Friday, February 15, 2013
IN the less-enlightened ‘eighties, popular writer Peter Haining succeeded in convincing Doctor Who fandom that 1966 Western adventure The Gunfighters was not only the least-watched story in the series’ history, but was also universally derided as terrible. His comments passed into myth, and it wasn’t until the story was eventually released on video, and later DVD, that fans were given an opportunity for reassessment, the result of which is that both of Haining’s claims have since been rejected.
But before anyone had a chance to watch The Gunfighters on television for the first time in decades, original writer Donald Cotton began its renaissance with a fantastic novelisation of his script, presenting the events seen on screen with a witty and satirical take that draws on every cliché ever associated with the Old West.
The TARDIS crew arrive in the town of Tombstone in search of a dentist to fix the Doctor’s sore tooth, and after a case of mistaken identity involving none other than “Doc” Holiday, realise they have landed on the eve of the infamous Gunfight at the OK Corral.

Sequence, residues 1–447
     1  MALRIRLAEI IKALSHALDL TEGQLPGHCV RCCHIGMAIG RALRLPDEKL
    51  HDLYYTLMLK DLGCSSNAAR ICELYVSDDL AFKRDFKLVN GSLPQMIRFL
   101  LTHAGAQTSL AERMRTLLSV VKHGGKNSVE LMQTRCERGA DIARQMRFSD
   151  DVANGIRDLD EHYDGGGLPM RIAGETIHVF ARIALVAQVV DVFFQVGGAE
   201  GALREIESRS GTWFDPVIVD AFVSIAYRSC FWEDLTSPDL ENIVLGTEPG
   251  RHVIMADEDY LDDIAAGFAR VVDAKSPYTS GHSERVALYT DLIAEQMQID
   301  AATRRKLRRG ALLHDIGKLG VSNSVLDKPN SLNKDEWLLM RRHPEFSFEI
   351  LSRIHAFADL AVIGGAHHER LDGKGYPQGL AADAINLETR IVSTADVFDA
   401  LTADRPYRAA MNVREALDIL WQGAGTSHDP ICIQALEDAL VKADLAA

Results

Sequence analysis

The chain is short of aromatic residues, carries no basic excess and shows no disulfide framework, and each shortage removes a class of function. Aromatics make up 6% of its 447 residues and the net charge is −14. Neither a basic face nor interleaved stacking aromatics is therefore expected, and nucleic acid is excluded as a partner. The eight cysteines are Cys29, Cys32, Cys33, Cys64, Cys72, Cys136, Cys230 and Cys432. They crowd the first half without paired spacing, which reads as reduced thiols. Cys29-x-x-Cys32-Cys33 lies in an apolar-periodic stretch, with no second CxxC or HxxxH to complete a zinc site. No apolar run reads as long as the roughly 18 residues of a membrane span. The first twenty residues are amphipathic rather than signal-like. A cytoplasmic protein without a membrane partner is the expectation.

Playing it fast and loose with historical accuracy, and concentrating instead of capturing the mood of the period through the lens of Hollywood, Cotton enhances and enlivens his original story and plays up on the comedy aspects to tell the adventure in a whole new light.
Canadian Shane Rimmer, who played Seth Harper in the original story, reads the audiobook version in authentically American tones, but his advancing years are obviously taking their toll, leaving him struggling at times.
That said, there’s still so much here to recommend, especially for anyone who still might have reservations about watching The Gunfighters on DVD, and this novelisation hammers a final nail into the coffin of Haining’s misjudged claims.